tuxpub - The Serverless File Server

3 mins read
Amazon S3 bucket and using Amazon CloudFront

What problems has Linaro solved with tuxpub?

At Linaro, we have previously hosted artifacts from Amazon S3 using a custom tool known as Linaro Licence Protection (LLP). LLP started life serving files from local disk storage, then later moved to Amazon S3. Technically LLP provides an S3 browsing interface, however it was never designed to run under a serverless architecture. This coupled with other necessary Linaro/License features (such as authentication) means that LLP doesn’t fit a “simple serverless” model.

Linaro is presently working on a SaaS offering called TuxBuild (and companion service called TuxBoot). These technologies are implemented using the new serverless model and have a need to provide artifacts from cloud storage using a lightweight application that provides a file browser as a web-based user front end.

The original implementation used Javascript, but we quickly realised it wasn’t scalable, it wasn’t conformant with what web tools expected, and it lacked features which our users were demanding (such as the ability to pull the file contents in JSON). After searching for existing solutions we discovered that there were no available light-weight tools to solve our problems!

We built a wishlist of the following features and requirements that we felt a proper file server would honour and set about building tuxpub:

  • Serverless methodology for easy deployment and management
  • Ability to block the index page so people cannot browse other folders
  • Allow users to access a JSON output of the page for easy downloading

The following is a sample file browser front-end being served by tuxpub for the TuxBuild project:

sample file

How easy is it to deploy and manage?

Linaro can deploy our tuxpub instances with two lines of code and a config file! This procedure is documented in the TuxPub readme. To bring up a TuxPub instance a developer only needs to create an application shim with the following zappa code:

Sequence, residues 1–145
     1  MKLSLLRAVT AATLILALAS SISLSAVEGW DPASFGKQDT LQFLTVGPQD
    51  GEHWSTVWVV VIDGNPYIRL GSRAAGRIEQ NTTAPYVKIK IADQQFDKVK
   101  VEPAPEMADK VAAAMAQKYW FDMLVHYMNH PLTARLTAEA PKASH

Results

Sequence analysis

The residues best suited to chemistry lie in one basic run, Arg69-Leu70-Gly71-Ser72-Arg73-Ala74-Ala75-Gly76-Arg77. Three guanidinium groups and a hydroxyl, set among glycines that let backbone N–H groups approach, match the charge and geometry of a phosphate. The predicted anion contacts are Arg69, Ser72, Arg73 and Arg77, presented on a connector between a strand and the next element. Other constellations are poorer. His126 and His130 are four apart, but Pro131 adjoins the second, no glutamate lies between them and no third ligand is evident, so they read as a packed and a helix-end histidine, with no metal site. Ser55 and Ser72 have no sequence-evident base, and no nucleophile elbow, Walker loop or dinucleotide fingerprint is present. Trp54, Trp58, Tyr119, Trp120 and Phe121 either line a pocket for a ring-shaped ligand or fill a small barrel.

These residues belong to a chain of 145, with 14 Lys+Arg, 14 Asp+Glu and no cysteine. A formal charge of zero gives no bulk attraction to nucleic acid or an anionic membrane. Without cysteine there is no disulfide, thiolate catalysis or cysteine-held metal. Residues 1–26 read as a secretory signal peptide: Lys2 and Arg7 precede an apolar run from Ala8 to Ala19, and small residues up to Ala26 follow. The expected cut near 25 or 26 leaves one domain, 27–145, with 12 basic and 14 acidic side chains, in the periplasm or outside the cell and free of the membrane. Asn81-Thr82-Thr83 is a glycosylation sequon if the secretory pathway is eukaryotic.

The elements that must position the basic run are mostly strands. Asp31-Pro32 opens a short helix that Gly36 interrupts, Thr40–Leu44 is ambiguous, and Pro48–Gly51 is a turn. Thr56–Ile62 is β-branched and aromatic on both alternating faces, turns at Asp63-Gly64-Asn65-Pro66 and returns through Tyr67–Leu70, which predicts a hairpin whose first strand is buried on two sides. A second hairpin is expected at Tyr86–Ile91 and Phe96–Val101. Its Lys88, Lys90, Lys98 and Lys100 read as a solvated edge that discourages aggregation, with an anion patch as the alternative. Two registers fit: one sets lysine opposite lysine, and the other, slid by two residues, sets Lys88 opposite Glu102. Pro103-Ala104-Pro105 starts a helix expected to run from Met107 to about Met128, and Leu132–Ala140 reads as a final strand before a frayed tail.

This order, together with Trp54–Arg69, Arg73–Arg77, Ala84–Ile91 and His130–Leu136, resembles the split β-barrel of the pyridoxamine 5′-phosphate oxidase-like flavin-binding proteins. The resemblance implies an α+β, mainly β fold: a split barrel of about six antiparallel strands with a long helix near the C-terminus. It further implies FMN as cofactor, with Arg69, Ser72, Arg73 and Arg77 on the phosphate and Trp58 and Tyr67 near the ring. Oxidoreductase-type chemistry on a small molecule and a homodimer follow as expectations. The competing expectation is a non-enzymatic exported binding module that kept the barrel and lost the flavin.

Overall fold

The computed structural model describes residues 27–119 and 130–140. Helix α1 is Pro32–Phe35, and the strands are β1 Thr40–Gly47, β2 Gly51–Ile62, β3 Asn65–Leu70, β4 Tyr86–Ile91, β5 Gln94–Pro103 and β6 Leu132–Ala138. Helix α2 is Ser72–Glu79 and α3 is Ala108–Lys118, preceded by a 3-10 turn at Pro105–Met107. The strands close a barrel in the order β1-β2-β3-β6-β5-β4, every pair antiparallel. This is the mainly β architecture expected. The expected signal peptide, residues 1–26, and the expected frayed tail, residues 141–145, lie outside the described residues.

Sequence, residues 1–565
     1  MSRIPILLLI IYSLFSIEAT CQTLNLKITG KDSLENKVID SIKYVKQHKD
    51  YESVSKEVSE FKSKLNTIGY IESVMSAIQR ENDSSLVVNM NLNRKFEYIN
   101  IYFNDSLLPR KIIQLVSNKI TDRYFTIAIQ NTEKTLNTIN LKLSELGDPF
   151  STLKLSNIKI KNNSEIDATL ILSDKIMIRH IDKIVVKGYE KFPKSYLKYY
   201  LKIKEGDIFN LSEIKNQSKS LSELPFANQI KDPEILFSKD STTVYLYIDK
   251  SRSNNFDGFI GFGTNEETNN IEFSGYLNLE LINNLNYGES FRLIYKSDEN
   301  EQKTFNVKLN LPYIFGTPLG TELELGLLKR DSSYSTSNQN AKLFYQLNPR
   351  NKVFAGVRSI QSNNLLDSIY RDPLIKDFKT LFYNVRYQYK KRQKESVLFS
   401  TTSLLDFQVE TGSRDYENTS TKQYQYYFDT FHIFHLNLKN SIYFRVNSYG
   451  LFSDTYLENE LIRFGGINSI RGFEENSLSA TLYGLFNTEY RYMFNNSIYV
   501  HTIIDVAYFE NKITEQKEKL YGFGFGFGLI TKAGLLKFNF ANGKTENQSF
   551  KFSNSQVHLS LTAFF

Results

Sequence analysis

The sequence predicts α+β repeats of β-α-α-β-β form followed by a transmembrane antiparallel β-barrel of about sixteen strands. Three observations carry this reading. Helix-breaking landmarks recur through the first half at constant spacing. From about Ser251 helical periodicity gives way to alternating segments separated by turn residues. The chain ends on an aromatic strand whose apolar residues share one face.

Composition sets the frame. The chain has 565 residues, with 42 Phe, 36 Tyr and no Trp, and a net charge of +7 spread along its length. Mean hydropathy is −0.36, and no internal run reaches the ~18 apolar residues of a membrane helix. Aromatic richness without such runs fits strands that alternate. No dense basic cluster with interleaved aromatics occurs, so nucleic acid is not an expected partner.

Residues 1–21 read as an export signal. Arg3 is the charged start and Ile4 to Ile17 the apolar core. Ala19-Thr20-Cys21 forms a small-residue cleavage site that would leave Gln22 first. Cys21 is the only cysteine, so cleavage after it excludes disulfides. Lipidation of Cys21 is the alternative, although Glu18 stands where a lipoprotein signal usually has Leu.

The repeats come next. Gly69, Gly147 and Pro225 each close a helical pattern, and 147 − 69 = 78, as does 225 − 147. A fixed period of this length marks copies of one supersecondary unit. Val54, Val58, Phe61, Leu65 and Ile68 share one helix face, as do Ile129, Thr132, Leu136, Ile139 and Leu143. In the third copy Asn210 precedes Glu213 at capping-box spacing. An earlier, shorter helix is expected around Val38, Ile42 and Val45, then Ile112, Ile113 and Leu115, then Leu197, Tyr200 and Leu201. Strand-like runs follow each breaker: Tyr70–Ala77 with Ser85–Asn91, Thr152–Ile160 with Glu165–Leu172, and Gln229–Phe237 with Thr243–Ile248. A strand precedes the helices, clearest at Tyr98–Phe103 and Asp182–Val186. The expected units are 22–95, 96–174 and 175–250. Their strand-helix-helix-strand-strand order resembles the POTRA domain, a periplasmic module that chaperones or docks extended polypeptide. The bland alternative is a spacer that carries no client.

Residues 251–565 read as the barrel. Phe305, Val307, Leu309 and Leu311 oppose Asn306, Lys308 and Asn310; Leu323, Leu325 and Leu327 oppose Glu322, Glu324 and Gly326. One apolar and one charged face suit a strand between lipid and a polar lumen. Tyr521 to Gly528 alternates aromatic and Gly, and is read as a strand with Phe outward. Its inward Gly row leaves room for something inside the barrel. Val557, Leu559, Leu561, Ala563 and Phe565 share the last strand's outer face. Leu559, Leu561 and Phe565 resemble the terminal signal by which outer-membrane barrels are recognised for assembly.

"dev": {
        "app_function": "zappa_init.app",
        "aws_region": "us-east-1",
        "project_name": "lkft-tuxpub",
        "runtime": "python3.7",
        "s3_bucket": "zappa-tuxpub",
        "environment_variables": {
          "S3_BUCKET": "storage.dev.lkft.org",
          "S3_REGION": "us-east-1",
          "ROOT_INDEX_LISTING": "True",
        }
    }

With these files a developer needs to build up a pipenv file with “pipenv install –deploy”, and then deploy it into Lambda with “zappa deploy dev”*.

One can even run the application locally with “S3_BUCKET=storage.dev.lkft.org S3_REGION=us-east-1 ROOT_INDEX_LISTING=True FLASK_APP=tuxpub flask run”.

What are the limitations?

Since tuxpub uses the AWS API there are limitations set by the cloud provider. An index page with more than 1000 objects hits an API limit and generates a nasty error page. Because of this, we intend to implement ‘paging’ support. Tuxpub does not presently support user authentication and has no immediate plans to add it.

Can others use and contribute to tuxpub?

Linaro has made tuxpub available as open source software under the MIT license. This means that it’s free to deploy and modify. We’re very welcoming of pull requests! You can find the code here.

What is the future of tuxpub?

Linaro’s objective is to keep this application simple! We are being selective and do not want to add too many features that would bloat the application. Desirable features additions (most notably paging support) are being collected in tuxpub gitlab issues and addressed over time.

N.B. *“Pipenv is a packaging tool for Python that solves some common problems associated with the typical workflow using pip, virtualenv and the good old requirements. Txt” -

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